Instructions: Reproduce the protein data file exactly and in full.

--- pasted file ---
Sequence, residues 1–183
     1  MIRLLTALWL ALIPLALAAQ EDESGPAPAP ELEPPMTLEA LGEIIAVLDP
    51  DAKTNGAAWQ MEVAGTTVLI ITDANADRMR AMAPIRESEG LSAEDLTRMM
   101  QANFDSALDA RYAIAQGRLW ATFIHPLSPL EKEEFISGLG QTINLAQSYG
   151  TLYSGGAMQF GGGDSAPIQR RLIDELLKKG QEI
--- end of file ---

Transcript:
Sequence, residues 1–183
     1  MIRLLTALWL ALIPLALAAQ EDESGPAPAP ELEPPMTLEA LGEIIAVLDP
    51  DAKTNGAAWQ MEVAGTTVLI ITDANADRMR AMAPIRESEG LSAEDLTRMM
   101  QANFDSALDA RYAIAQGRLW ATFIHPLSPL EKEEFISGLG QTINLAQSYG
   151  TLYSGGAMQF GGGDSAPIQR RLIDELLKKG QEI